What if Baron Davis stayed at UCLA, Jaron Rush had never been suspended, and Schea Cotton had not been denied the chance to play in Westwood? Chances are, Steve Lavin's Bruins would be the favorites to win the National Championship.
Davis, of course, left early, and while it was probably not the right decision, it is still too soon to pass judgment. Rush has a chance to redeem himself and save his coach. Cotton, on the other hand--what is to be made of Cotton?
Schea Cotton seems to be an example of everything that is wrong with the NCAA.
"We are really blessed that the kid didn't blow his brains out," his father, James, was quoted saying in a recent Sport magazine article. Apparently, for a while there, it was really touch and go.
The Guru wrote an All-Century feature in January, in which he picked the greatest prep basketball players in the history of Los Angeles and Orange County. Cotton should, by all rights, have been on that team. In his sophomore year at Mater Dei High School, Cotton was the best player in the state on a team that won the California championship, and was featured in Sports Illustrated . He was spotlighted before that, at age 12, in the LA Times. Things started going wrong after that state championship season in 1995. Cotton had transferred from St. John Bosco in Bellflower, then went back to Bosco. The family lives in Long Beach, but they were always moving. James said it was because he was following work in the construction trade. Accusations and rumors of recruiting and pay-offs followed Schea wherever he went , and the Times wrote a scathing piece that centered most of the blame on James.
Schea decided to play at Long Beach State with his brother, but when the older bro decided to skip his senior year and go pro, Schea backed out. Still, talent seemed to have won out when Schea took a scholarship to play at UCLA after graduating from high school in 1997. He passed the SAT, but a furor ensued when it was learned that, because of a learning disability, he was allowed more time to answer the questions. The NCAA jumped in and took away his ride. Cotton was then subjected to the playground wisdom of Long Beach, and he disappeared from public view.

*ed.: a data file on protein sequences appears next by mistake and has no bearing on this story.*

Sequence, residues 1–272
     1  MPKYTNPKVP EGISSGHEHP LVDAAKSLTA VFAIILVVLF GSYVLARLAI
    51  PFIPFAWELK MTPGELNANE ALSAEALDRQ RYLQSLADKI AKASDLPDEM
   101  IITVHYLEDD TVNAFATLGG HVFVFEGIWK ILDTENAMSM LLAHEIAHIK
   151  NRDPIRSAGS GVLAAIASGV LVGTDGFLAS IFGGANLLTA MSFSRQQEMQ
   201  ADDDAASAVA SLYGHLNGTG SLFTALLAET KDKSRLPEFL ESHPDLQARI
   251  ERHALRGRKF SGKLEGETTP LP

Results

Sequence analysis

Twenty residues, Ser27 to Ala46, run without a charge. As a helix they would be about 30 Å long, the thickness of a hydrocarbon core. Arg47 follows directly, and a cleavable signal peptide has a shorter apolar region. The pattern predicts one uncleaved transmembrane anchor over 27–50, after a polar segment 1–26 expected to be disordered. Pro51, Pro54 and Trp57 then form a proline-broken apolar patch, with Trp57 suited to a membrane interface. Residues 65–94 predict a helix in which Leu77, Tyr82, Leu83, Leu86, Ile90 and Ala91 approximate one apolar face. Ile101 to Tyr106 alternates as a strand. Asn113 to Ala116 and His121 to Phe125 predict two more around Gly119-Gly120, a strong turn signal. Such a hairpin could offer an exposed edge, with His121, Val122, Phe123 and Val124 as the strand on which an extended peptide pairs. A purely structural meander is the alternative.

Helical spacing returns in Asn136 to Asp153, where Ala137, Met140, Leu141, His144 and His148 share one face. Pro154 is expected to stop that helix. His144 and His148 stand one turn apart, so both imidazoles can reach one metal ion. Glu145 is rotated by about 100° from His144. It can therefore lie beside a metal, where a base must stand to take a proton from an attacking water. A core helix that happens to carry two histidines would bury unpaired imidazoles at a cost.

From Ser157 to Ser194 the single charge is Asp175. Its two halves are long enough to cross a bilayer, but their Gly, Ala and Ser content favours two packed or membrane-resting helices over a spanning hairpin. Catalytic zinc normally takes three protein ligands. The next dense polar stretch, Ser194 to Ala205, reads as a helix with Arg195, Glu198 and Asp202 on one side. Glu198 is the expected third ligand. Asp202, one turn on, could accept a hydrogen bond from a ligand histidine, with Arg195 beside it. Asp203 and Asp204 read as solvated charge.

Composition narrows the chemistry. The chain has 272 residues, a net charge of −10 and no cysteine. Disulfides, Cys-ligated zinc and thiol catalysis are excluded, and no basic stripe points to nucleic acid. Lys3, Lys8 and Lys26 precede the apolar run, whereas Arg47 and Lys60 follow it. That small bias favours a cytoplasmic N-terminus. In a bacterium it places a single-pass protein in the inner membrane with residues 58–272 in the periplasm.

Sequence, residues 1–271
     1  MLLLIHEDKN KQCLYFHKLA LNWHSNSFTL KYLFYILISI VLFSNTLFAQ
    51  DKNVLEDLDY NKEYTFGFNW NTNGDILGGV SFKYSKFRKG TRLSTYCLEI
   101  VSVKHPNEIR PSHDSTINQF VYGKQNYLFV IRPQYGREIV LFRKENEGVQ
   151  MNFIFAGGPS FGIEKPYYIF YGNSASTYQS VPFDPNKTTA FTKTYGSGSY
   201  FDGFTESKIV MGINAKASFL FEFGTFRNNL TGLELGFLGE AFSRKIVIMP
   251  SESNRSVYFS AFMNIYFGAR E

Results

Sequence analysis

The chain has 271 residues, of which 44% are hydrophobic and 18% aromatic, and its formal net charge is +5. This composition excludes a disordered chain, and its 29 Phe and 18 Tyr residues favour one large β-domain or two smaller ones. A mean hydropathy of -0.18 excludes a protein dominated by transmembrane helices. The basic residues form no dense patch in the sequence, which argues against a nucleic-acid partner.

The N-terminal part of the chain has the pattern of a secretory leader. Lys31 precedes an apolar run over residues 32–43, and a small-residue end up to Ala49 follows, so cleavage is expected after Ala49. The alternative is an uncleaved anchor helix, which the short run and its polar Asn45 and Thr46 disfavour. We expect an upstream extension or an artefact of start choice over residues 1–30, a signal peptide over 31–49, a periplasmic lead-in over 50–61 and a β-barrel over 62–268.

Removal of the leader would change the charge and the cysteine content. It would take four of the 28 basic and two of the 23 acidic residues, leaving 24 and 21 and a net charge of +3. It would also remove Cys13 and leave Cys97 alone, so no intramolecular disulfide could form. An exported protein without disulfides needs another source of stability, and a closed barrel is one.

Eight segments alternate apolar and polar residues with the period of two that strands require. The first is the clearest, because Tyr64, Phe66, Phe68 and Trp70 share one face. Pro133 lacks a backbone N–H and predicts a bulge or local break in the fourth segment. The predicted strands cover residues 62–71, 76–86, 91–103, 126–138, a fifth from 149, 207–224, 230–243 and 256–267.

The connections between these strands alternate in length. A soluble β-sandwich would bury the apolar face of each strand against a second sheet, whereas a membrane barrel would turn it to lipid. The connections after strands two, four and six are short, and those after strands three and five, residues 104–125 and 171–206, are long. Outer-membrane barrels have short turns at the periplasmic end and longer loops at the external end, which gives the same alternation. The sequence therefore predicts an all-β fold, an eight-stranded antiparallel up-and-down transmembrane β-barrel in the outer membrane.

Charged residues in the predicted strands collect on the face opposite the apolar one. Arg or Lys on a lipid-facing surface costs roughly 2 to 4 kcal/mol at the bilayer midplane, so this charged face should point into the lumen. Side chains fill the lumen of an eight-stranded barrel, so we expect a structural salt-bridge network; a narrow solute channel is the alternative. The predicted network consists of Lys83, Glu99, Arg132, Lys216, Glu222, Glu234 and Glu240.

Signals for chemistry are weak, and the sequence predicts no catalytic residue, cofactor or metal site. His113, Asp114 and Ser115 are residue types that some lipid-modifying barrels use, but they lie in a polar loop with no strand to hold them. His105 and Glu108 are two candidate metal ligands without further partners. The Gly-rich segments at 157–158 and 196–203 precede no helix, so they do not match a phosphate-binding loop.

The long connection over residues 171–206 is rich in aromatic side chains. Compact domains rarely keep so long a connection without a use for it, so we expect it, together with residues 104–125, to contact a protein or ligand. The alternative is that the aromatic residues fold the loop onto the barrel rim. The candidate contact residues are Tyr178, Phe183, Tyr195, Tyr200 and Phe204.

"He became a hermit," James told Sport.
"Why me?" was Schea's reaction. "I didn't lie, I didn't cheat. I did everything I was supposed to."
The Cotton's spent $20,000 in psychological testing to determine that Shea suffered from ADD, which would justify why he was given more time to take the SAT. Despite having basically told the Cotton's that if the kid had ADD they would allow the SAT scores, they came back with a resounding, "No."
Cotton went to Long Beach City College while the family sued the NCAA. The suit brought out a lot of people who had similar experiences with the Shawnee Mission KGB. The suit forced the NCAA to grant Cotton his eligibility, based on "additional information" which was the same information they had in the first place.
Nobody watches the NCAA. All they do is wreck people while serving a nebulous, almost-useless purpose. The whole thing cost James eighty grand. Schea signed with North Carolina State but never went there. He did end up at Alabama, where he finally had a chance to really play basketball this season.
The result: Cotton, 22 in May, scored 15.5 points a game with 4.6 rebounds, and was Second Team All-SEC. Schea has decided not to return to Alabama. His plans are
"uncertain", according to a recent LA Times dispatch, but chances are he will make himself eligible for the NBA draft, probably because his family is in debt after his legal wranglings.
Causes Steven Travers Supports
Conservative, Christian, USC, American patriotism